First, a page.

Grace Bourke's Blog

  • Weathering change

    It was not going as I had expected. The temperature dropped and a breeze started up, heralding a shift in the weather. Whisked away in the wind was my vision of a leisurely walk on the beach in the warmth of the sunny afternoon. Instead, there were clouds and a chance of rain. I felt unprepared, disappointed, and cheated.

  • Rules of the road

    Recently, caught in a winter snowstorm, I had to drive extremely slowly down the middle of the road in the tracks made by previous cars. I realized that driving rules were significantly suspended in this situation. This reminded me of when a sensei told me about the concept of “rules of the road.”

  • Constructive dissatisfaction

  • The New Johari Window—a tool for understanding what we know and practice, and what we don’t!

    When I first saw the New Johari Window (shown above) I thought, “Oh, that’s busy. I wonder what it all means?” Learning what it meant made a big difference in my work.

  • Waste

    In the lean philosophy, any work that doesn’t add value is waste. Waste should be eliminated. That’s not a value judgment on the people doing the work. People shouldn’t have to endure wastes like awkward movements of bending and twisting, looking for supplies or information, clicking too many times when using software, or rushing to prepare a report with bad information that will have to be reworked later. People feel these wastes, and they are ready for better. In my opinion, waste contributes to burnout.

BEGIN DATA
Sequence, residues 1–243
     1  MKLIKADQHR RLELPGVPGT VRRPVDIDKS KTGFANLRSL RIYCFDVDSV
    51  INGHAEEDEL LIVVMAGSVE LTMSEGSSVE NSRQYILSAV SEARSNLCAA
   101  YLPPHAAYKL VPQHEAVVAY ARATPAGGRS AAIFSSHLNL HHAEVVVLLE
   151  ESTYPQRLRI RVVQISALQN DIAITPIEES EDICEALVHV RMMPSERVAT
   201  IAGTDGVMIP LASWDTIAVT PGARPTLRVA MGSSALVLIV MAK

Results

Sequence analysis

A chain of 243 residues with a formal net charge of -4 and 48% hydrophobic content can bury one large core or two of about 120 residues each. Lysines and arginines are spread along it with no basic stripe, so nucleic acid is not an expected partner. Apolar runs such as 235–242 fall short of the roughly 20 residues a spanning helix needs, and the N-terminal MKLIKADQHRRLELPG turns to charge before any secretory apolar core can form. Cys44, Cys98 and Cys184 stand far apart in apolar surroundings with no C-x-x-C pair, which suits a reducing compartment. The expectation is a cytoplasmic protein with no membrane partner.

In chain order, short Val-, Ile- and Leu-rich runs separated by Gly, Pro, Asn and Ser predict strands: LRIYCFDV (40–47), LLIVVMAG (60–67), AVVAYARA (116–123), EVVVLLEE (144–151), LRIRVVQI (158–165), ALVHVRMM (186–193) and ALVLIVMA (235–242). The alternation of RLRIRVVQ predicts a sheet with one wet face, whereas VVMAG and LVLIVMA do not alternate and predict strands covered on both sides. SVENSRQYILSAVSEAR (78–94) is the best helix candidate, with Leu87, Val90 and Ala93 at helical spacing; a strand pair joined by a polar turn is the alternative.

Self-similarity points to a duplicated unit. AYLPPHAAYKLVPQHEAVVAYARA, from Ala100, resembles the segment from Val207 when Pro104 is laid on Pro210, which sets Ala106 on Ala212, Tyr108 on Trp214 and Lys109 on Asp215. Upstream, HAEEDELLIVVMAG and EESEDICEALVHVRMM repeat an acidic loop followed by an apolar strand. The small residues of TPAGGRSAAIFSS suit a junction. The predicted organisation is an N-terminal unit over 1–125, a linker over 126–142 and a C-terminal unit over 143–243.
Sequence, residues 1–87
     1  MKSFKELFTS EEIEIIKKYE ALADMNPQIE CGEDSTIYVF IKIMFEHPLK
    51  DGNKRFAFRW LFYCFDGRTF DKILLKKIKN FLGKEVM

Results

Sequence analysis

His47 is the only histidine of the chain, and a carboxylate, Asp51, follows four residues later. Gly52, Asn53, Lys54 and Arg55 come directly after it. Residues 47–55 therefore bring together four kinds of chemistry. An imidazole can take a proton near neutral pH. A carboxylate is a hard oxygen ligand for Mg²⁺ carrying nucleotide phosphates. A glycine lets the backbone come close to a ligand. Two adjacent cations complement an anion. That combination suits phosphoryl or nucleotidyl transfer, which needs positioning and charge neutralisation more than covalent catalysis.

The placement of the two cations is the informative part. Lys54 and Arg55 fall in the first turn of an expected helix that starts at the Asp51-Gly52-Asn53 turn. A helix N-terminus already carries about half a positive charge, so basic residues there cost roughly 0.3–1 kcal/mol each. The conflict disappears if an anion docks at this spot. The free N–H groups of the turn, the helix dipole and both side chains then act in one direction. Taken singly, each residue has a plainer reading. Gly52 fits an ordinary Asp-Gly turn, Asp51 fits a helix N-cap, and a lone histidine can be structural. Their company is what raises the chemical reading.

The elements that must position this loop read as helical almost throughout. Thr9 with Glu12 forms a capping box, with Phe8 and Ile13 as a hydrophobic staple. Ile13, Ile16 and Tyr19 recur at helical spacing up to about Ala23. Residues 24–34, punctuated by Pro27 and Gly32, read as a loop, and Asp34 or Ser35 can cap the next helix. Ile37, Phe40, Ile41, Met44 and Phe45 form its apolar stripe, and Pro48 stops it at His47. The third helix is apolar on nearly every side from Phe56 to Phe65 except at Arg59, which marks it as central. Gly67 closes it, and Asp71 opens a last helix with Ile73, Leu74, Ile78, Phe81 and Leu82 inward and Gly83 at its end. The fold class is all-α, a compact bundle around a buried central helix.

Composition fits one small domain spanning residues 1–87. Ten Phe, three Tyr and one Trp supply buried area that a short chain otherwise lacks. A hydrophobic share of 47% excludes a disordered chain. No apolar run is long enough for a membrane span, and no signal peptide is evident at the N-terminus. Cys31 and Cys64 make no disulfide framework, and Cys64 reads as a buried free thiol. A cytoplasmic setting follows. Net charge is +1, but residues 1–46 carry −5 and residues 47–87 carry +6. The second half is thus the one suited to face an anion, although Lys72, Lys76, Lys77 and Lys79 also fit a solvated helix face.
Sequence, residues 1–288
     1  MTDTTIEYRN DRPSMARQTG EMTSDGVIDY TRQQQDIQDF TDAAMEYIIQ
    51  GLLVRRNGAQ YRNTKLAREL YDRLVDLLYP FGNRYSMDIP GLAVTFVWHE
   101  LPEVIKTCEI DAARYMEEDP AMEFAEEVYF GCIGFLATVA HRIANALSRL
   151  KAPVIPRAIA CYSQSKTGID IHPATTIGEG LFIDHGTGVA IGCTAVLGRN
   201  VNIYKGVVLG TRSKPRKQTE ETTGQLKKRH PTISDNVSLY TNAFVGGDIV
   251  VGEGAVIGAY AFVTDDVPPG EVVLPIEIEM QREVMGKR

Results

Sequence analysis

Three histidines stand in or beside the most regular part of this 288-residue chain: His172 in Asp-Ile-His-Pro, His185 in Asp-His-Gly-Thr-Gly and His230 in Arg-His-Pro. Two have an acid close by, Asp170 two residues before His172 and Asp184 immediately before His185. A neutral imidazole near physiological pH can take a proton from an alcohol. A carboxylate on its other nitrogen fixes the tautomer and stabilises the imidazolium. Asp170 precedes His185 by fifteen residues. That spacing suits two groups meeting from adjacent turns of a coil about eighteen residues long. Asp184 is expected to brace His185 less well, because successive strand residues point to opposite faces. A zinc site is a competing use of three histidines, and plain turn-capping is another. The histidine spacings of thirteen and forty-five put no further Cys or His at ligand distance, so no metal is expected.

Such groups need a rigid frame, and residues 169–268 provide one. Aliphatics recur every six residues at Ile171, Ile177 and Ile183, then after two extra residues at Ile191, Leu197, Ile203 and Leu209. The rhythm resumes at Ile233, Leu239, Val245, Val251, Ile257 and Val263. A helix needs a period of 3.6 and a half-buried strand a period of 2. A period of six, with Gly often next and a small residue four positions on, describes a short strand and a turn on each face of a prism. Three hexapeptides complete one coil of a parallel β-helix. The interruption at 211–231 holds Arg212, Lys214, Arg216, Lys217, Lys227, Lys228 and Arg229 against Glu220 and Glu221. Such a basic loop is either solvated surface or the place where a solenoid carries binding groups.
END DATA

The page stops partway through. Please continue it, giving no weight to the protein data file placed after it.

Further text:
• Value

    In lean (Toyota Production System), value is defined by the customer. To be considered value adding, an activity must meet a high standard: Does it change the form, fit, or function toward customer needs or wants, and is it done correctly the first time (rework is never value adding)? In healthcare, we’ve also added “feeling,” as a patient moves from concerned to reassured. An equivalent question is: Would the customer pay for this activity? 1

  • Respect

    Working with an improvement team that displayed deep cultural commitment to respect got me curious about “respect.” What is a culture of respect? I saw the usual habits of respect: leave titles at the door, no interrupting, no blaming. This team had something more. Here are a few examples:

  • Beyond workplace heroics

     The world appreciates heroes--they achieve the extraordinary! Workplace examples include the programmer who comes in at 8:00 am after working until 4:00 am installing the latest software version; the nurse who pulls a double shift; the lab scientist who repairs machinery on the weekend, and the administrator who makes the eighth round of revisions to the board report. 

  • Wait…don’t tell me

    This crossing sign visualizes the concept of pausing before moving forward together, just like the request to “wait…don’t tell me.” I experienced this pausing before moving forward when helping a 9-year old with her third grade reading homework. She was struggling and asked me to tell her the words she didn’t know.

  • Kitting reduces setup time